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In the News: Work-Life Balance and End the Trial Penalty Coalition 
In the news

In the News

A round-up of interesting articles that have come across our desks.

Philadelphia Court of Appeals Adopts Proposal to Improve Attorney Work-Life Balance
The Philadelphia-based 3rd U.S. Circuit Court of Appeals adopted a proposal that would require most legal briefs and other court documents to be submitted by 5 p.m. on the day they are due in an effort to improve attorneys’ work-life balance. The court adopted the new rule despite opposition from select bar associations and other lawyer groups that said an earlier filing deadline could exacerbate pressure on lawyers and sow confusion among attorneys from other parts of the country who do not often practice in the court. Jay Silberblatt, the president of the Pennsylvania Bar Association, said the ”compelled quality-of-life intervention, while well-intended, unnecessarily multiplies the pressure already engrained in federal practice.” Reuters Law has additional information including how this rule may positively benefit pro se litigants.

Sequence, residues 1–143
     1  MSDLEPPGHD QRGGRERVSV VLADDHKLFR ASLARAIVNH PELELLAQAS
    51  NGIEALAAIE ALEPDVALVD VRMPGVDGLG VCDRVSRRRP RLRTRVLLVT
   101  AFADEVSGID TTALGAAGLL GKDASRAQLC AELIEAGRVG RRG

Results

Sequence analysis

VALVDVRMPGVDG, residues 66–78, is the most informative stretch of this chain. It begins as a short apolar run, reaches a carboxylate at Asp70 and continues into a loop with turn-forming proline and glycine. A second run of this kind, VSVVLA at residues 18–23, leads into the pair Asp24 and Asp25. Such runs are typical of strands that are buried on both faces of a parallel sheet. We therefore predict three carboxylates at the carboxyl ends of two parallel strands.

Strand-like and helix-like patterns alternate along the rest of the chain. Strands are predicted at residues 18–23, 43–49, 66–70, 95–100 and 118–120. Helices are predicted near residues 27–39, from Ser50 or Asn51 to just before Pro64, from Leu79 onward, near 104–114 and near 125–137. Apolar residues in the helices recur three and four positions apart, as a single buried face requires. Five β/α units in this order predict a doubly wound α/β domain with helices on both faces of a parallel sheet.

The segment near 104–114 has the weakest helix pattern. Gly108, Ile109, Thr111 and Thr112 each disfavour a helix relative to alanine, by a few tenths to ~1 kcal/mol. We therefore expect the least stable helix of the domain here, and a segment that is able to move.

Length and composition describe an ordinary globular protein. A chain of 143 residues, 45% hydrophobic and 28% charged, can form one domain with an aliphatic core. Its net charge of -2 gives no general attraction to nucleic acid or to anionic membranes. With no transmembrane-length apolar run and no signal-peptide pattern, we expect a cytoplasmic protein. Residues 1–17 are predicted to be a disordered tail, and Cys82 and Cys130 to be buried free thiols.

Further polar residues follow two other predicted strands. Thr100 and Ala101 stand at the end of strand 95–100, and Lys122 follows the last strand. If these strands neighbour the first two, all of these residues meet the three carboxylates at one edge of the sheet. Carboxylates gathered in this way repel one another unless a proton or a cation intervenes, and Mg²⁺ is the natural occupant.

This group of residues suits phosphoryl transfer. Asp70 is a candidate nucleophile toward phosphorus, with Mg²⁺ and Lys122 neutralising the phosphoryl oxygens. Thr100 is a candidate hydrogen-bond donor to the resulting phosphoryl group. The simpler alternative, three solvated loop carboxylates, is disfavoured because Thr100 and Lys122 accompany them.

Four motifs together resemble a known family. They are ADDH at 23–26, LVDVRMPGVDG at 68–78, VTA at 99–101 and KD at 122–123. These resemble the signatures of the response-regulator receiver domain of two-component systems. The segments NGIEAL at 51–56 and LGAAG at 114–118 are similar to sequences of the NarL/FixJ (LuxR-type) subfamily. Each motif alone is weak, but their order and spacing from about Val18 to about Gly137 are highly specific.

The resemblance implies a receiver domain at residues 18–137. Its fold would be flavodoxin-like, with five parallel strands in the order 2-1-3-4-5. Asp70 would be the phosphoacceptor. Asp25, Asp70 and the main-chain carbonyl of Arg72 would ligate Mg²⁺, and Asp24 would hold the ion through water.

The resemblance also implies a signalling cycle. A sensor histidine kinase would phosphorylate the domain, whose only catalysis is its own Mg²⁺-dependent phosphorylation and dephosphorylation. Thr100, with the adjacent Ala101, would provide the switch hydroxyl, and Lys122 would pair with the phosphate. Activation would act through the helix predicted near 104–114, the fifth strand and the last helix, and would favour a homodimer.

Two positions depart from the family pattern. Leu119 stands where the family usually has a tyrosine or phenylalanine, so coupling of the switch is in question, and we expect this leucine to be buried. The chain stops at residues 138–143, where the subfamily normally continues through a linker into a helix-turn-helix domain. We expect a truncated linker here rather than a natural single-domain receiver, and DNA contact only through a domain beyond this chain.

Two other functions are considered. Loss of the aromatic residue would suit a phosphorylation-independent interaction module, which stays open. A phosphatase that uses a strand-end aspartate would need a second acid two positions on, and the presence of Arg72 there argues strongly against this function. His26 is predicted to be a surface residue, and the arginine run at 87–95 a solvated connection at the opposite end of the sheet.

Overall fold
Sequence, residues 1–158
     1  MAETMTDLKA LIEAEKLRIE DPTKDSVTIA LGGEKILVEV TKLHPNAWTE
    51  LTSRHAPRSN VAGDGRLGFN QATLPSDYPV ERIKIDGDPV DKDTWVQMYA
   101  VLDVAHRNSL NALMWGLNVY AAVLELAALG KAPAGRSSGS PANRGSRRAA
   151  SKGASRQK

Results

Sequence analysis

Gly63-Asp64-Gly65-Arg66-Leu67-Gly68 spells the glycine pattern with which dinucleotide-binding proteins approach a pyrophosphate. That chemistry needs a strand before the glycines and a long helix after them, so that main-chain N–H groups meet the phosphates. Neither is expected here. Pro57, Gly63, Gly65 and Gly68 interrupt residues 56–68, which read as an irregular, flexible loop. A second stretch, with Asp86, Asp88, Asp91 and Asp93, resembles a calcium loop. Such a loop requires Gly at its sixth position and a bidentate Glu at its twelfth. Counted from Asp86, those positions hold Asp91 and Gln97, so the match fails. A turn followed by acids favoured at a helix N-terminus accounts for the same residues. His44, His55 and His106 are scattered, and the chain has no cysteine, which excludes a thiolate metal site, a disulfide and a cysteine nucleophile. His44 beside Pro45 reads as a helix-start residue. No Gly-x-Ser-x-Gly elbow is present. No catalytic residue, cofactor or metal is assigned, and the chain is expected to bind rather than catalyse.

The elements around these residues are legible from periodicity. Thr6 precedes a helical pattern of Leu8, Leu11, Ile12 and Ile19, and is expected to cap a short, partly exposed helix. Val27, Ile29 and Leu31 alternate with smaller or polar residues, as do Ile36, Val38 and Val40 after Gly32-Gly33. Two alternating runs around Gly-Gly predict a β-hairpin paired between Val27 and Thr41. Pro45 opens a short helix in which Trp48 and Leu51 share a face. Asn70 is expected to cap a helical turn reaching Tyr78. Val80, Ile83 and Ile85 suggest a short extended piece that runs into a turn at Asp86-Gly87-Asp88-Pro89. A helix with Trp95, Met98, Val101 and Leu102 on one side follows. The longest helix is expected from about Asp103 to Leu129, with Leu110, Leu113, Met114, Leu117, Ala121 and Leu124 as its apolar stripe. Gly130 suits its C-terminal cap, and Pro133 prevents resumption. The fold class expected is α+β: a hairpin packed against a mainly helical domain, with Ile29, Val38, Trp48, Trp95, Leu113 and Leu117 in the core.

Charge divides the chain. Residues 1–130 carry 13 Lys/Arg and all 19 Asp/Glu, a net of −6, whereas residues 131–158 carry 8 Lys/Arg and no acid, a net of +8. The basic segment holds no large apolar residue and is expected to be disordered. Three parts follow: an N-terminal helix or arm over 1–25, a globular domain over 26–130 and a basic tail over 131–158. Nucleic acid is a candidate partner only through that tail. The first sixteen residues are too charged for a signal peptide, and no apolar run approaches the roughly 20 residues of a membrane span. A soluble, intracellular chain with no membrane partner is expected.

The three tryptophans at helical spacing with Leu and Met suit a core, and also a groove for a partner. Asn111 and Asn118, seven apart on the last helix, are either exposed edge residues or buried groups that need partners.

Civil Rights and Criminal Justice Groups Launch Effort to Unify Organizations
A group of 24 U.S. civil rights and criminal justice groups and advocates launched ”End the Trial Penalty Coalition.” This effort brings together organizations from across the ideological spectrum, from the ACLU, the Innocence Project and the National Association of Criminal Defense Lawyers, to Right on Crime. The alliance intends to lobby Congress, state legislatures, courts and local bar associations on its key priorities: eliminating or reducing the use of mandatory minimum sentences; giving judges more discretion to ”look back” and adjust excessive sentences; removing language often used in plea agreements that requires defendants to waive certain legal rights; and requiring prosecutors to give defendants access to all evidence against them regardless of whether they accept a plea. Read more about the criminal justice statistics that inspired this advocacy effort at Reuters Law.